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Magical Massey Hall readies for its back-of-the-house facelift

'It’s a nice little room,' Joni Mitchell said as she stepped on stage in June to celebrate her career. A seven-year revitalization project is set to build on the voice and feel of the 120-year-old Toronto concert hall

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Toronto’s Massey Hall, shown in a 1970s photo, is on the cusp of a significant renewal plan. The concert hall, built in 1894 by industrial baron Hart Massey, will get a back-of-the-house building addition that will include basic amenities such as elevators and a loading dock. Dressing rooms, washrooms, catering facilities, office spaces and patron amenities will also be improved.

John McNeill/The Globe and Mail

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The project hinges on the gift of a 450-square-metre piece of property located directly south of Massey Hall. This gritty urban plot, currently a surface parking lot and garbage storage area, is being offered by MOD Developments Inc. ‘This gift of land is so valuable to us because we’re street-bound on the other three sides,’ says Charles Cutts, president and CEO of Corp. of Massey Hall and Roy Thomson Hall, seen here on the gifted lot.

Jennifer Roberts/The Globe and Mail

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MOD Developments Inc. intends to build a 60-storey condominium, called Massey Tower, in the same downtown Toronto city block. Gary Switzer, CEO of MOD, says the portion of the land he’s ceding to Massey Hall has been appraised at about $6.5-million. Toronto city council will vote on MOD’s condo proposal in mid-July. If approved, Massey Hall will likely take ownership of the small strip of land by late summer or early fall, Mr. Switzer says.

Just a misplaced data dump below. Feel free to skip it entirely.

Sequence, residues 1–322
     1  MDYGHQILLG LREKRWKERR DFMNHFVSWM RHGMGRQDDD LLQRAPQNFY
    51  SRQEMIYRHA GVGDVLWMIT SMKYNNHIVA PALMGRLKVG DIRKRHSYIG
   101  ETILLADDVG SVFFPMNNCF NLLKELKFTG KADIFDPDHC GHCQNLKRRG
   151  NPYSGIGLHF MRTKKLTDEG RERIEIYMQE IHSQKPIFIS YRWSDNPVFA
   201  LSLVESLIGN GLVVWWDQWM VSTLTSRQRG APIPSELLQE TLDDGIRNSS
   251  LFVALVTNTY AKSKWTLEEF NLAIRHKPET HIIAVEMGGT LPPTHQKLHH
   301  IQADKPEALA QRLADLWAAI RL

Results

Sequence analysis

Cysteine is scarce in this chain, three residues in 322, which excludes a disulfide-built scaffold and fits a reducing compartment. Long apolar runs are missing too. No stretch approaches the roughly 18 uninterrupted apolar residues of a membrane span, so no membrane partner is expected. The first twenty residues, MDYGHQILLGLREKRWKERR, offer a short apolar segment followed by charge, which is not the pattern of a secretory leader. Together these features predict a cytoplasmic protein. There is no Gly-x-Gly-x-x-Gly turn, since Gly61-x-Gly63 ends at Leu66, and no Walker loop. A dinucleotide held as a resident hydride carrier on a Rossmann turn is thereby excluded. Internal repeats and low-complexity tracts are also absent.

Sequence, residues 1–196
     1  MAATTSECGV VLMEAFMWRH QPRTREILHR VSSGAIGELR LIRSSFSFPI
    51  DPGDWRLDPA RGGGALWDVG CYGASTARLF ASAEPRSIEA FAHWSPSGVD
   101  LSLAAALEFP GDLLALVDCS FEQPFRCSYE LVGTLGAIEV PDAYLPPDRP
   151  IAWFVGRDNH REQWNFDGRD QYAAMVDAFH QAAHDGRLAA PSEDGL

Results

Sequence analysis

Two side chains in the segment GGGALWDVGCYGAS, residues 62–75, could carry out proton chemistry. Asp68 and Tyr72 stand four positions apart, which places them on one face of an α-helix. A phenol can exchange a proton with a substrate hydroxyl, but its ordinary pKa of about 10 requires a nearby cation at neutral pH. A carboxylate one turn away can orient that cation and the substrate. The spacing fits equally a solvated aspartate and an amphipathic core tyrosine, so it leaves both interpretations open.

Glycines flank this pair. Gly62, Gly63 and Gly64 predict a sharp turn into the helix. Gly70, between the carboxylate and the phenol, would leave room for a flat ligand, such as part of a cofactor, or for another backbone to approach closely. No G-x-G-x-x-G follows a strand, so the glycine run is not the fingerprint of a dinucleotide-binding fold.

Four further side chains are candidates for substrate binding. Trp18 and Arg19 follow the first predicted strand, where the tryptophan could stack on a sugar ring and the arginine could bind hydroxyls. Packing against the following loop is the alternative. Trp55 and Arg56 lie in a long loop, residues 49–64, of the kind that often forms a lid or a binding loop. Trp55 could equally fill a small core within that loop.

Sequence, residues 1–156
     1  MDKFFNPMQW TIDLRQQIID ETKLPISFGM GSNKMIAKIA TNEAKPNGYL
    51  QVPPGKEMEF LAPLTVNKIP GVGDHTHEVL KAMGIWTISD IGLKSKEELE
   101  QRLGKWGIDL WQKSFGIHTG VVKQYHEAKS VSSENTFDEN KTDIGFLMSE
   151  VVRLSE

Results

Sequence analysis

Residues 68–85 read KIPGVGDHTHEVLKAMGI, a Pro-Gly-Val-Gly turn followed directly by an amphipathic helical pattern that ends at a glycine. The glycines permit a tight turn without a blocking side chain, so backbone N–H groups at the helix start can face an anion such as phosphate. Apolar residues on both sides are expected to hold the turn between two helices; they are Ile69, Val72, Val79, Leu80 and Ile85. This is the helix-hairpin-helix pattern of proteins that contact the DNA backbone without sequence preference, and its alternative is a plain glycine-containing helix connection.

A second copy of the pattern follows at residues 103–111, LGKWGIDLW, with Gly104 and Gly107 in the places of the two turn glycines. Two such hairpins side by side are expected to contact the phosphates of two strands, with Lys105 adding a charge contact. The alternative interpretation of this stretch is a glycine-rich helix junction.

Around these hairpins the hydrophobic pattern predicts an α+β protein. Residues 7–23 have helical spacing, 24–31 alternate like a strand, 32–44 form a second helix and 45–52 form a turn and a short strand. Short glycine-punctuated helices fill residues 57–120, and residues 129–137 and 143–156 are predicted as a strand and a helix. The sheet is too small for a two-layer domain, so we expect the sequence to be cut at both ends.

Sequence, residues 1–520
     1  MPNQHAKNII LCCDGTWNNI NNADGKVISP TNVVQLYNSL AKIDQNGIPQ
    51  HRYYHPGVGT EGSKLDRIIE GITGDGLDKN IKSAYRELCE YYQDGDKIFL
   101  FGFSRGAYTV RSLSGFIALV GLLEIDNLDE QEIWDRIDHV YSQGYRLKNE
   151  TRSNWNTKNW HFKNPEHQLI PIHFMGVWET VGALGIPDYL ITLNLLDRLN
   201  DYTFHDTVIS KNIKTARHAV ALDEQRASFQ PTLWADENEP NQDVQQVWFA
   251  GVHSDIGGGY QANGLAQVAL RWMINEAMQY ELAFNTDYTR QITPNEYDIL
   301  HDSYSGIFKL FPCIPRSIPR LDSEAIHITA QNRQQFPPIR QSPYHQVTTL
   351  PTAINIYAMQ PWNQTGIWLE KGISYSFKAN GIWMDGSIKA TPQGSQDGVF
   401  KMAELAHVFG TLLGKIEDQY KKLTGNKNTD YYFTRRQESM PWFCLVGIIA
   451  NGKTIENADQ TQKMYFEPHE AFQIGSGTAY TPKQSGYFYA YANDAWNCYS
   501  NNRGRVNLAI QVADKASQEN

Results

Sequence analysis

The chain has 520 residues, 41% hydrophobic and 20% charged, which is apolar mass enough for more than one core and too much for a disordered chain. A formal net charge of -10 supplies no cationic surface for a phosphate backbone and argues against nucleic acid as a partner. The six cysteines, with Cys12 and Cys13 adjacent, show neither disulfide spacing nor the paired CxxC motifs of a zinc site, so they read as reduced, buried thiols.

MOD Developments

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Inside the Moorish Revival-style auditorium, 57 original art nouveau-style stained glass windows, boarded up about a century ago to block out daylight and street noise, may be uncovered. The original wooden seats (some as narrow as 19 inches) and 1948 upholstered seats will be replaced and sight lines improved. At just over 2,700 seats, the hall isn’t tiny. But “when you’re on the stage, you feel as though you can reach out and touch everybody in this house,” Mr. Cutts says. “That kind of intimacy and audience-artist interchange is why this hall’s worth investing in.”

Jennifer Roberts/The Globe and Mail

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Outside, the building’s exterior fire escapes will be removed and the masonry restored. Artists love performing there, says Jeff Craib, president of The Feldman Agency, which represents a diverse roster ranging from Diana Krall to The Tragically Hip. “It’s got the sort of aura that a Radio City or a Carnegie Hall would have. People tend to overlook what some would perceive as the blemishes… that the seats are old and it’s kind of funky in there. But that’s part of the aura of playing in a place with history.”

Massey Hall

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